There is a question for us together when looking at the millennial dilemma between empowerment and deprivation, where can millennial generation be found in the structure of social power relations? Although Foucalt once stated that power can be understood as suffusing all interpersonal interactions and discourses, millennial empowerment is analyzed in the context of power dynamics that enable and accelerate effective social action towards public good and justice. Understanding the power structures in which millennials operate is crucial to expressing their leadership potential and bringing transformational power to the global scene.
Empowerment construction is widely used in various fields, including organization and management, community psychology, and political behavior. Among its many manifestations, two in particular provide a conceptual framework that is useful for generation analysis. Referring to the Rappaport concept of empowerment with tiered application at three levels, namely individuals, organizations, and society. Empowerment here is considered as a deliberate action through people, organizations and communities in order to gain control over the problems they are worried about. Through a participatory and active empowerment process, millennial can maximize control over themselves and the environment, while simultaneously strengthening the efficacy of individuals and communities.
In this case, psychological empowerment at the individual level plays a central role and connects the processes through which individuals are empowered with the results of their empowerment experiences in the wider social arena. Empowerment shows that participation with others to achieve goals, efforts to gain access to resources, and some critical understanding of the socio-political environment is a basic component of the construct. Likewise, applying this general framework at the level of organizational analysis will show that empowerment includes organizational processes and structures that increase member participation and increase the achievement of organizational goals.
However, separation is naturally embedded in hierarchical power structures and various forms of organization of types of upper power, while democratic ideals promote the model of power coactively rather than coercive power. In modernity, democracy is often interpreted as a concern, with the voice rule to determine the will of the majority. As such, people’s power is the main authority. Therefore, the separation between political leaders and citizens has long been seen as a barrier in pursuing the ideals of democratic political leadership.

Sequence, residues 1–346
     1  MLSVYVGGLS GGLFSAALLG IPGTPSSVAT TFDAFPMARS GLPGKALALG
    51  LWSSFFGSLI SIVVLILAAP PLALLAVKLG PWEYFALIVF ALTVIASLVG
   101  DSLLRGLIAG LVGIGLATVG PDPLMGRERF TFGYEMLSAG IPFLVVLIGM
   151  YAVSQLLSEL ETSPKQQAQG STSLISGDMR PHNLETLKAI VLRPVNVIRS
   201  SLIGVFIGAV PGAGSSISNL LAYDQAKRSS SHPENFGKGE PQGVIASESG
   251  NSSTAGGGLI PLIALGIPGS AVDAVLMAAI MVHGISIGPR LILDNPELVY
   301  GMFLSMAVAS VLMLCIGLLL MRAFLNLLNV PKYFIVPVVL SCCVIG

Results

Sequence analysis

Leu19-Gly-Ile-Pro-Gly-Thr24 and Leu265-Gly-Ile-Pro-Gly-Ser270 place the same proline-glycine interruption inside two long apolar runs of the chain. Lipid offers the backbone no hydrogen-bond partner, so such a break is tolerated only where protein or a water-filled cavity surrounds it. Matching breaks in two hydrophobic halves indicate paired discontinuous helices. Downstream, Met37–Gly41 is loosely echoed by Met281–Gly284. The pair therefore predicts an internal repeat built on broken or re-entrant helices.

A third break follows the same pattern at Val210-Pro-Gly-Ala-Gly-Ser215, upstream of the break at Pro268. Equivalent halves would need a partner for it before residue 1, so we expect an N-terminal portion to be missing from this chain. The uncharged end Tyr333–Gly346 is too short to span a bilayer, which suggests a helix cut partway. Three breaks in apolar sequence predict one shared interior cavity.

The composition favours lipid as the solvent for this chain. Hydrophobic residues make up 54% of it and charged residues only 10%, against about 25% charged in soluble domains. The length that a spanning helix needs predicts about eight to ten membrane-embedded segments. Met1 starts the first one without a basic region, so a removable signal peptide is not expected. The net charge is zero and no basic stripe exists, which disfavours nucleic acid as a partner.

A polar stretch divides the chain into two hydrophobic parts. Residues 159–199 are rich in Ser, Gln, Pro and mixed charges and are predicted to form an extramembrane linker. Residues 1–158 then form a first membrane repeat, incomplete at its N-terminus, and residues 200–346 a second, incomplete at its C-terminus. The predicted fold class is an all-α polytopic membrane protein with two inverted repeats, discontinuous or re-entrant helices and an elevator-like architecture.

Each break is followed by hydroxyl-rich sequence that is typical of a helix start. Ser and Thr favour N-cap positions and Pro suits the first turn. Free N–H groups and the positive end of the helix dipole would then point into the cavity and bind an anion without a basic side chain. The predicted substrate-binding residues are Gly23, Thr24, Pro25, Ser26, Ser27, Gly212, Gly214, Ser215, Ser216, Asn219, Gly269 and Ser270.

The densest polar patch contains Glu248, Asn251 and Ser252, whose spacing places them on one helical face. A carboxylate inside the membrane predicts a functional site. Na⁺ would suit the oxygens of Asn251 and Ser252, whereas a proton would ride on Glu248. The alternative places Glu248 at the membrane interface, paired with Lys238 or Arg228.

In the ideal version of democratic rhetoric, the system of representation must directly reflect the preferences of the masses. But the intersection between elite and representation in a democracy is actually very complicated by the limits of social consensus. The majority of citizens in Indonesian society only show superficial commitment to democratic norms and ideas, thus the political elite has long been seen as the main storehouse of democratic virtues. This view is firmly rooted in the early conceptualization of the republican order. The Greek concept of aristocracy refers to the best man rule. Plato justifies the influence of the ruling class which is not proportional to the assumption of superior guardian wisdom or virtue.
Political leadership too often is treated as an isolated factor depending on one individual, but practices in Indonesian government show it as part of a complex system and must be persuaded and manipulated to respond to the imperatives of political leaders. Separation as a prerequisite for leadership has become an area of traditional authority-based relations between political leaders and followers. Many historical examples of separation present dependency relations, as in the case of the king in the Middle Ages and his people or commanders and soldiers, while the democratic model reverses this dependency relationship.
In the logic of political continuity, the authors suggest that voters as political power depend on satisfying the winning coalition of relevant voters. Leaders, as representatives of certain groups, depend on their votes and compete for the attention of voters. Symbolic or material distance, ritual characteristics and habits, are still associated with certain political positions, but the strategy that is seen as the most effective in mobilizing popular support is based on proximity. Political figures expose an unprecedented level of personal life in their willingness to show shared identity with citizens, shape their behavior and opinions to the tastes of ordinary people.
As a result of these changing conditions, the imaginary social millennial generation on the phenomenon of political leadership seems to be contested, while the leadership practices are considered valuable and necessary (for example community leadership, and engagement oriented towards social justice, human rights, development issues, etc.). Although some of us try to conceptualize the relationship between engagement and political violence, many aspects of this relationship are still unknown. A clear understanding of the difference between citizen engagement and willingness to consider politics as the best professional choice, eliminating some of the inconsistencies of the millennial generation profile.